Vielmetter also works with two artists, Tam Van Tran and Alice Konitz, who are exhibiting at the fine "International Paper" exhibition at the UCLA Hammer Museum in Westwood (10899 Wilshire Blvd.), featuring primarily works on paper (and some other mixed media) by 22 emerging artists, half of whom are from Los Angeles. Some of the show's standouts include drawings of trees by Hillary Bleecker; Aaron Morse's 19th-century literature-based watercolors; Sandeep Mukherjee's psychedelic, pinpricked sheets of Duralene; Jockum Nordstrom's humorous, cartoony pencil drawings; Silke Schatz's large-scale architectural drawing; and Pablo Vargas-Lugo's colored paper cutout collages.

The other artists in "International Paper" include Nina Lola Bachhuber, Iona Rozeal Brown, Carolyn Castano, Honda Takeshi, Lansing-Dreiden, Li Jin, Nick Lowe, Yuri Masnyj, Kim McCarty, Shaun O'Dell, Alessandro Pessoli, Shunsuke Sawaguchi, Matthew Sontheimer, and Katharina Wulff. The show -- in what is now one of L.A.'s best exhibition spaces -- is definitely worth seeing and runs through Apr. 27.

At the 6150 Wilshire art complex, better known as Baby Bergamot, most of the January openers were in their final week. Acme is showing "Papers," the aptly titled group show of works on paper by eight artists, including Katie Grinnan, Portia Hein, Aaron Morse, Cheyney Thompson, Kevin Hanley, Yun-Fei Ji, Monique Prieto and Haley Tompkins. Big seller is Aaron Morse, whose six acrylic on paper works are all sold at $2,800 each. Morse's work is also a highlight of the Hammer's "International Paper" show.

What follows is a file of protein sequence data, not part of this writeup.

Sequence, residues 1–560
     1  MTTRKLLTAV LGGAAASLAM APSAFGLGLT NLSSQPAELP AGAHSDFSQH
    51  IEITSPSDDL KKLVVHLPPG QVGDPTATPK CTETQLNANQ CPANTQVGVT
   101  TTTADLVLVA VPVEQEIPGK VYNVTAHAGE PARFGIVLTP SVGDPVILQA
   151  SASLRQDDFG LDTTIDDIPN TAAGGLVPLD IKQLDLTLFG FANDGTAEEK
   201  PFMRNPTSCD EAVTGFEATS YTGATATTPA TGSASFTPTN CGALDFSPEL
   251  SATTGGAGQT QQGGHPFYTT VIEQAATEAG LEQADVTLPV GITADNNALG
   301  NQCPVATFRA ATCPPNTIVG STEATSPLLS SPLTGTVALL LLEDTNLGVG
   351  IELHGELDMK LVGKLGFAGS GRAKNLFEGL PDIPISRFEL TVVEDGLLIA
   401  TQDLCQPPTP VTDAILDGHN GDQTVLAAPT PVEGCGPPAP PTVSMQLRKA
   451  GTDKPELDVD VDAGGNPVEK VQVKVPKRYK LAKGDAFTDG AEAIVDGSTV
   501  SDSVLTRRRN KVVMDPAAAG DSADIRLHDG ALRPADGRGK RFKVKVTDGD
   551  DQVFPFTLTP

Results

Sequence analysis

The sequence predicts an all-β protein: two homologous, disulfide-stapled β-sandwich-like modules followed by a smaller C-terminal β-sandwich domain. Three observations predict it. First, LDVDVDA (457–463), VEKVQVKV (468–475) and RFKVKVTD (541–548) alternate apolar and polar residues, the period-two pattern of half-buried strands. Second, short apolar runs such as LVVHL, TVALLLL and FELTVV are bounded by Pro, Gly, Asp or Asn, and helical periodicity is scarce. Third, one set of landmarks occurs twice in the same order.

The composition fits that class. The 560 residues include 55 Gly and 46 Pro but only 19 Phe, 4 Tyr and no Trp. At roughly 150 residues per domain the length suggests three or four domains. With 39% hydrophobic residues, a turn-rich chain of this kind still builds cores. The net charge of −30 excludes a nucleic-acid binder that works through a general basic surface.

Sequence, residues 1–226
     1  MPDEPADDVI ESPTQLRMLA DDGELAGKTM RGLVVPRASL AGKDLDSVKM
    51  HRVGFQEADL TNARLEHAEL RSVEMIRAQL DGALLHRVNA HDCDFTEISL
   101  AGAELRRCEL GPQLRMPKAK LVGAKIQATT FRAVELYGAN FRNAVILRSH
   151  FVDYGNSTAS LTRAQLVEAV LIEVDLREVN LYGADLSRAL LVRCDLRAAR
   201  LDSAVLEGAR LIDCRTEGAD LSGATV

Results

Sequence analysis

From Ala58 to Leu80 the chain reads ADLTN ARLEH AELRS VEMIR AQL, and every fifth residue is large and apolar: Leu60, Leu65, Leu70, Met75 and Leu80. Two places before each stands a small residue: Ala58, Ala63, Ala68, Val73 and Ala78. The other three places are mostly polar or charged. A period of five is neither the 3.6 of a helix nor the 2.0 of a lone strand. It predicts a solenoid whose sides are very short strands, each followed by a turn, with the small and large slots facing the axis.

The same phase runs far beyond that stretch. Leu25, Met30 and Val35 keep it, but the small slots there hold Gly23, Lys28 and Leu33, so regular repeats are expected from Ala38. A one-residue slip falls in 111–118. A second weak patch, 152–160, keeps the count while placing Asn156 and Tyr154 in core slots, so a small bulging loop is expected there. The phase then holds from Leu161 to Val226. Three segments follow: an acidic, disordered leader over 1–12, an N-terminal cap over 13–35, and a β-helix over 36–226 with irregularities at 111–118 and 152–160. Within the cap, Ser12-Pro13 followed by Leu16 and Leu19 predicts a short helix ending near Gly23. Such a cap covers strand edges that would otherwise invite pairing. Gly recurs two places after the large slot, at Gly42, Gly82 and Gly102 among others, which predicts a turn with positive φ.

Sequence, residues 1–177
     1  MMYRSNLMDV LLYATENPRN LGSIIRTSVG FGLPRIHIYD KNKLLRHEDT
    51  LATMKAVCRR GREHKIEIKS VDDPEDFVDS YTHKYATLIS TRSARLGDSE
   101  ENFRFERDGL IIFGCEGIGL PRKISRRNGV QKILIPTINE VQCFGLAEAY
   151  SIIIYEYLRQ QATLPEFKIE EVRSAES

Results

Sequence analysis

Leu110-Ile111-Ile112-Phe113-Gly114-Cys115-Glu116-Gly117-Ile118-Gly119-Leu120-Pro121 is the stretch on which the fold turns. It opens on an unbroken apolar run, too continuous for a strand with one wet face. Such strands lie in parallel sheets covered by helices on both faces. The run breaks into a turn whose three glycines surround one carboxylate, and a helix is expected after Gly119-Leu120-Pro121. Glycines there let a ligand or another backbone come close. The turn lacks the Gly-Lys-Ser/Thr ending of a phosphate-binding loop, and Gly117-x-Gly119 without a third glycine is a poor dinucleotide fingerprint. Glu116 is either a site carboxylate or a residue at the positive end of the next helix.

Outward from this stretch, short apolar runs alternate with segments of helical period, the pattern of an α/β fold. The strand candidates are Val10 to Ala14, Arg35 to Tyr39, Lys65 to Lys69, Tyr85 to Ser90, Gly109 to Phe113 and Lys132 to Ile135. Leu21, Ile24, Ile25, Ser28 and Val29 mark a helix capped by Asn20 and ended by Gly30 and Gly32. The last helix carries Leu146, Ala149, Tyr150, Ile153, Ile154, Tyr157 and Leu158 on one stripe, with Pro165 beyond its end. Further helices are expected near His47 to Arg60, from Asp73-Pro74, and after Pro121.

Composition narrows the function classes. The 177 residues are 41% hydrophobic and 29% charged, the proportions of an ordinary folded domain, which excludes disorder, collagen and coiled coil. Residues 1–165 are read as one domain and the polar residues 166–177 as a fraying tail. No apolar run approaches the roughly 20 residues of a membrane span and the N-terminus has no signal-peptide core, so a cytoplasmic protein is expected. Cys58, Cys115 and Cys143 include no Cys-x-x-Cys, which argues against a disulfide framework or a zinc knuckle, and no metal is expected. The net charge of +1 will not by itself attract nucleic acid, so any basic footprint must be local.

In Acme's north gallery is a single-channel video installation entitled "Threesixty" (2002) by Kevin Hanley, featuring a guy doing an endless loop of 360 spins on a skateboard (an edition of three priced at $9,800 each). Starting Feb. 15, Acme presents new paintings by Chris Finley, and a group effort, "The Cat Show," curated by Ross McLain, featuring works by 20 artists including Amy Adler, Nobuyoshi Araki, John Baldessari, Marina Kappos, Tom Knechtel, David Shrigley and others.